Drill bits and end mills are very similar tools, especially to a layperson not involved in the tooling industry. But there are some significant differences that you may be unaware of in the use and function of end mills and drill bits. The tasks they can be used to perform can vary a lot, and each can perform jobs that the other cannot. The first, most visible difference that most people notice is simply that end mills are not present in our homes, while drill bits are a common sight for the DIY enthusiast. This is because end mills are almost exclusively used for industrial machining purposes, not domestic DIY and handiwork. Read on to see some of the further differences between drill bits and end mills:
Drill bits are common in domestic settings and most know that their usage is very linear. They can be used to bore holes in a straight line in any direction, but cannot be used in any kind of lateral motion. So they cannot be used to create contours or curves, or any fine detailing in the material.
Drill bits eject material via the spiral flutes that line its cylinder, allowing it to continue drilling without needing to clear the hole of drilled material. Only diamond-coated drill bits, which are commonly used to widen pre-drilled holes, do not have flutes cut into their sides. Drill bits can be used on handheld drills, which has given them their prevalence in domestic settings. On the other hand, end mills can only be used on industrial CNC machines.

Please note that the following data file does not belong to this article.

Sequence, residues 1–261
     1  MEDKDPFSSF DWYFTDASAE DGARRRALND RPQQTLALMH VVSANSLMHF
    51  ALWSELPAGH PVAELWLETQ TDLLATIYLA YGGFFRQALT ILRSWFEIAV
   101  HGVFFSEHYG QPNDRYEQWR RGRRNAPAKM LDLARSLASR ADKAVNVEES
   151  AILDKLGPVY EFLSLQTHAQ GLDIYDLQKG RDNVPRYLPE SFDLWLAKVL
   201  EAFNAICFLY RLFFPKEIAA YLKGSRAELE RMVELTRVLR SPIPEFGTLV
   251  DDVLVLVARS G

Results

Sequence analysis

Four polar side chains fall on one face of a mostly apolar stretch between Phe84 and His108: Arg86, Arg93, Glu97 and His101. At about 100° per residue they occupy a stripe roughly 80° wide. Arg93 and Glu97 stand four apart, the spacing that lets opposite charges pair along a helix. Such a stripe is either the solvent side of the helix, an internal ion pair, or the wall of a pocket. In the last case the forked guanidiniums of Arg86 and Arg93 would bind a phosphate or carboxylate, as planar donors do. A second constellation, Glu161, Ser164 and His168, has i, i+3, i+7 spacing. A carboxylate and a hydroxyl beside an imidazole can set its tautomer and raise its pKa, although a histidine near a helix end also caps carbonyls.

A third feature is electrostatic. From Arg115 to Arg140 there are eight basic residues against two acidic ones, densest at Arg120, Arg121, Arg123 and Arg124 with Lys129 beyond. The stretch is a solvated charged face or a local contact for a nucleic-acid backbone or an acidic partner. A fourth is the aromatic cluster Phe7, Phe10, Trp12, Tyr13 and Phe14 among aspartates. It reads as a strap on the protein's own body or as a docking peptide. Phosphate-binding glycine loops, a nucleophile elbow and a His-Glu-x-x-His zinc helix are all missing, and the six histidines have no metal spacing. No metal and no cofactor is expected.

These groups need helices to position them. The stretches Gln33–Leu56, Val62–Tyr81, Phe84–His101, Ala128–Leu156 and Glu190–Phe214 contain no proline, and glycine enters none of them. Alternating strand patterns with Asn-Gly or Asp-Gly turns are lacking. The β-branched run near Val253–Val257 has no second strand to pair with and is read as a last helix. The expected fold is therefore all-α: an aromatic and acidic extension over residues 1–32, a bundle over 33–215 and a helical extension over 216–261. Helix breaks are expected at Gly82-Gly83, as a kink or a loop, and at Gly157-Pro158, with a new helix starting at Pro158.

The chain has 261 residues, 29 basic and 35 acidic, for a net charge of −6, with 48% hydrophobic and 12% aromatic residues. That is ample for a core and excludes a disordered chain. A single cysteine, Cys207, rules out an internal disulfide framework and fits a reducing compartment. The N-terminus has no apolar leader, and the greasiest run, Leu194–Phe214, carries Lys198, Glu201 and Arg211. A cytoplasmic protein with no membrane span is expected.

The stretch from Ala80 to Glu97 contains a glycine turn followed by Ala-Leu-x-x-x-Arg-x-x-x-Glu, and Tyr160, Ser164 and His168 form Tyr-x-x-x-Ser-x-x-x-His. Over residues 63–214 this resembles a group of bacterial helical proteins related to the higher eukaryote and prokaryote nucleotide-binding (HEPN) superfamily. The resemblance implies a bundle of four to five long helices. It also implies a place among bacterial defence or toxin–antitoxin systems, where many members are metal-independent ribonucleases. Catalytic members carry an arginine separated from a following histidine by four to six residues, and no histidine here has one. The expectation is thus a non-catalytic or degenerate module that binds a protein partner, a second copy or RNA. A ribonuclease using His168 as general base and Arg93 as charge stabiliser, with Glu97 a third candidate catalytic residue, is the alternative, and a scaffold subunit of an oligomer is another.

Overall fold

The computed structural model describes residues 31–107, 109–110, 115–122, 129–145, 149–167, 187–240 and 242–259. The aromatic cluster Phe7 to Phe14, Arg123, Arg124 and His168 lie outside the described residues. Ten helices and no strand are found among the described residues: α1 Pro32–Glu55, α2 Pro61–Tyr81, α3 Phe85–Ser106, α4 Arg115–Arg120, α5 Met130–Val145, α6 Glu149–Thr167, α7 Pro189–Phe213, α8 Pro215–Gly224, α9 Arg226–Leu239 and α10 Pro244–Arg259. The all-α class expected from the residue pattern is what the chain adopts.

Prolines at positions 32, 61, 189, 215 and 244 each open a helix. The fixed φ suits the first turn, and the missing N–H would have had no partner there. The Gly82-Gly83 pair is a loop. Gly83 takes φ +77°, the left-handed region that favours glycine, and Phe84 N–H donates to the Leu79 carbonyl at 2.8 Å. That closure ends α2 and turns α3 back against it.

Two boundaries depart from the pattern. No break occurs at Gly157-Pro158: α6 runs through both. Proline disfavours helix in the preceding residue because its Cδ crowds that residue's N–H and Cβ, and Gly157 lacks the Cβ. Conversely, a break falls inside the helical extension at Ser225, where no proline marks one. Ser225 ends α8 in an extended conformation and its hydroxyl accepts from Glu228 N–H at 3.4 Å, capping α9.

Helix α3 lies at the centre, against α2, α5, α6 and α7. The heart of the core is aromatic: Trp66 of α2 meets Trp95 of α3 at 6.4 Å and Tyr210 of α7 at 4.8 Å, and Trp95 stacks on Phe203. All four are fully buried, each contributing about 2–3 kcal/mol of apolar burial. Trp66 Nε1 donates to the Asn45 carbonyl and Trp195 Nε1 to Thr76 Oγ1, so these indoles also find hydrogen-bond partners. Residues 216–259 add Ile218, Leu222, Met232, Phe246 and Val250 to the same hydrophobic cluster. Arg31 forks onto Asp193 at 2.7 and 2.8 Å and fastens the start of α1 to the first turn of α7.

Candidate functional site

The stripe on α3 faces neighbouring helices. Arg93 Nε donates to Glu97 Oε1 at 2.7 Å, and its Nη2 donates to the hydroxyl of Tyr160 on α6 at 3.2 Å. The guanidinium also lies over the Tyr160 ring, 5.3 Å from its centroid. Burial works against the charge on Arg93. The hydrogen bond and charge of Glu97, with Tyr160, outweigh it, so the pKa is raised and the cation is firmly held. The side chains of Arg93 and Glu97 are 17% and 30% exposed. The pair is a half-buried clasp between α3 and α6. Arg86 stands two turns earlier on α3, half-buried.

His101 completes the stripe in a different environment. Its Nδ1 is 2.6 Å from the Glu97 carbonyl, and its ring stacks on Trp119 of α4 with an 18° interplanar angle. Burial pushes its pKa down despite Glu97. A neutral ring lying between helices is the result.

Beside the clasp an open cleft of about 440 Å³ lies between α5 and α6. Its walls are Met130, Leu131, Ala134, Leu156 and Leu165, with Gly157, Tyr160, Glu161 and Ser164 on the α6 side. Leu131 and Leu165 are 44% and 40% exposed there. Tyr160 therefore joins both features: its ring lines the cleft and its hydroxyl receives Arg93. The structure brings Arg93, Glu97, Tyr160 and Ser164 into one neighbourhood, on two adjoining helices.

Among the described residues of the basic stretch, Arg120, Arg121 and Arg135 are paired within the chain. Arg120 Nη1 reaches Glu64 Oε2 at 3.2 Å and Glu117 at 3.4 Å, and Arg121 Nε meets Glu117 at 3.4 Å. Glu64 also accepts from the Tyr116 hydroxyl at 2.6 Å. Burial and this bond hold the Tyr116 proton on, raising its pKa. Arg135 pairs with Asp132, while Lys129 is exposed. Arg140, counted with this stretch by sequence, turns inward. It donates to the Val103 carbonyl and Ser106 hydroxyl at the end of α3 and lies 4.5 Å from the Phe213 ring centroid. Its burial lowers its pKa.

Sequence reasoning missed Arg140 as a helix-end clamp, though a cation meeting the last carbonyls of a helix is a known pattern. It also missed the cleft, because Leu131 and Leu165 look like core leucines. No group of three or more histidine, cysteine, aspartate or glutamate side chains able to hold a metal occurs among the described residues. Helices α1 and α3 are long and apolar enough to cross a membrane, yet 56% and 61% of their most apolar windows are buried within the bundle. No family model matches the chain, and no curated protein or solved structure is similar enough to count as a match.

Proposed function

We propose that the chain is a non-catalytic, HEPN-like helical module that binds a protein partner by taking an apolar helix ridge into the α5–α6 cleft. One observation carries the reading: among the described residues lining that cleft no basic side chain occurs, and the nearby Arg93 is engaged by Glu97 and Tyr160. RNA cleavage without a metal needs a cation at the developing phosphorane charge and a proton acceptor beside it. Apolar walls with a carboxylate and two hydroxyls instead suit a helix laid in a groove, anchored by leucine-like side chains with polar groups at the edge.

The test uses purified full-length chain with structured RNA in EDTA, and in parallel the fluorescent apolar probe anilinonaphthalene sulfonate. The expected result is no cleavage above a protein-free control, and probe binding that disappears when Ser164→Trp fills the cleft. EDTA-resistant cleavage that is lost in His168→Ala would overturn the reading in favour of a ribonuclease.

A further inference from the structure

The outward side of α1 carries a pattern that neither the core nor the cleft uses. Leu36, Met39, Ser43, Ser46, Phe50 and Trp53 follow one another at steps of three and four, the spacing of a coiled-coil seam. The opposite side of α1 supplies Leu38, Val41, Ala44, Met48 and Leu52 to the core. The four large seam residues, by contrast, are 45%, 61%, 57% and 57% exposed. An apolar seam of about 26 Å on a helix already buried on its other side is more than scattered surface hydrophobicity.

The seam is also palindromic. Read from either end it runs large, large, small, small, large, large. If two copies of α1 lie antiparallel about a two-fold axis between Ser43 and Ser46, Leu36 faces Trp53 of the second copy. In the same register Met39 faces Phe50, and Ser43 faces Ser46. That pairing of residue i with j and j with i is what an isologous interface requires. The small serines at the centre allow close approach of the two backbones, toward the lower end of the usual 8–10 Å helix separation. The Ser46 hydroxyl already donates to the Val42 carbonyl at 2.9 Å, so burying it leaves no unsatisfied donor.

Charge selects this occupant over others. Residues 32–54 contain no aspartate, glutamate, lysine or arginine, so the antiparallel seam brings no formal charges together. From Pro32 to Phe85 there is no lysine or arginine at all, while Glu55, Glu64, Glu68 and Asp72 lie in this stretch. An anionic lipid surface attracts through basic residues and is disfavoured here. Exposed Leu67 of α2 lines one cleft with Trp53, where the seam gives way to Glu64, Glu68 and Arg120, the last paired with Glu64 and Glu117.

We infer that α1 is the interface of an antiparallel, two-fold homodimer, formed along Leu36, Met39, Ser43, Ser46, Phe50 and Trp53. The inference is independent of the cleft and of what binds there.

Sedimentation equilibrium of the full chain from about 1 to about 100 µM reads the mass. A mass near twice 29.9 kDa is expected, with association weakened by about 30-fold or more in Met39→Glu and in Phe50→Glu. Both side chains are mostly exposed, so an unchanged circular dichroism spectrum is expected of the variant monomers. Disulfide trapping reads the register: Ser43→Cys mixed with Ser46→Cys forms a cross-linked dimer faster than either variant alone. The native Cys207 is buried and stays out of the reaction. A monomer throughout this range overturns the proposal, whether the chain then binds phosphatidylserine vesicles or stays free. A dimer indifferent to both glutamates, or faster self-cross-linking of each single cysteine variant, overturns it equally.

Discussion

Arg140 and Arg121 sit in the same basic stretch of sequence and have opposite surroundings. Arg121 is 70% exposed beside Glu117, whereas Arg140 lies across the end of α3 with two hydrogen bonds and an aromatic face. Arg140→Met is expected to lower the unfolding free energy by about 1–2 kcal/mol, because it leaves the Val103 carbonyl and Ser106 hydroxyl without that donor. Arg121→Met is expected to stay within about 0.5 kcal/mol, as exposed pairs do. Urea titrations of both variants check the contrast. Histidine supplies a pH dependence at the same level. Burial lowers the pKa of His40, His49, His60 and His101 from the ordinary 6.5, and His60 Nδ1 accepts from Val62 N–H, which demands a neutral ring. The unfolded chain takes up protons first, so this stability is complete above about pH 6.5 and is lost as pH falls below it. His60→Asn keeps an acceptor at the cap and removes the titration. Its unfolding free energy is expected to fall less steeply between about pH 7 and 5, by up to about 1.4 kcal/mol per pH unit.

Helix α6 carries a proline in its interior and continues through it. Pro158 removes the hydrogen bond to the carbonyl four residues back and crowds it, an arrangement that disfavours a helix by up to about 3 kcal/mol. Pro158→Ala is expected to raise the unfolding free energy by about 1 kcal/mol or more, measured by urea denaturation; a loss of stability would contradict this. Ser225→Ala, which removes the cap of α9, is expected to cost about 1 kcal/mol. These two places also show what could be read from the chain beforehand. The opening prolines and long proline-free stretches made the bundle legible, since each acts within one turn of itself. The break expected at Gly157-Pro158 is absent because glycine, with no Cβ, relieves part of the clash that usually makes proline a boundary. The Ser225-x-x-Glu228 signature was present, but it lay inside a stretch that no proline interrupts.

End mills, or milling cutters, operate in a very similar fashion to drill bits, rotating quickly to cut and excavate material from a desired area. But this is where the similarities end. End mills can operate in any direction, and so can be used to finely shape material with curves, contours, and any number of other detailing. End mills also have flutes, but can come with an number of them for different purposes. The more flutes an end mill has, the less space it has to eject material, but the finer the finish it leaves on the material. End mills come in a variety of shapes and sizes for a range of industrial tasks, and can be create from a range of materials. Carbide end mills have some of the highest temperate and pressure resistance on the market today.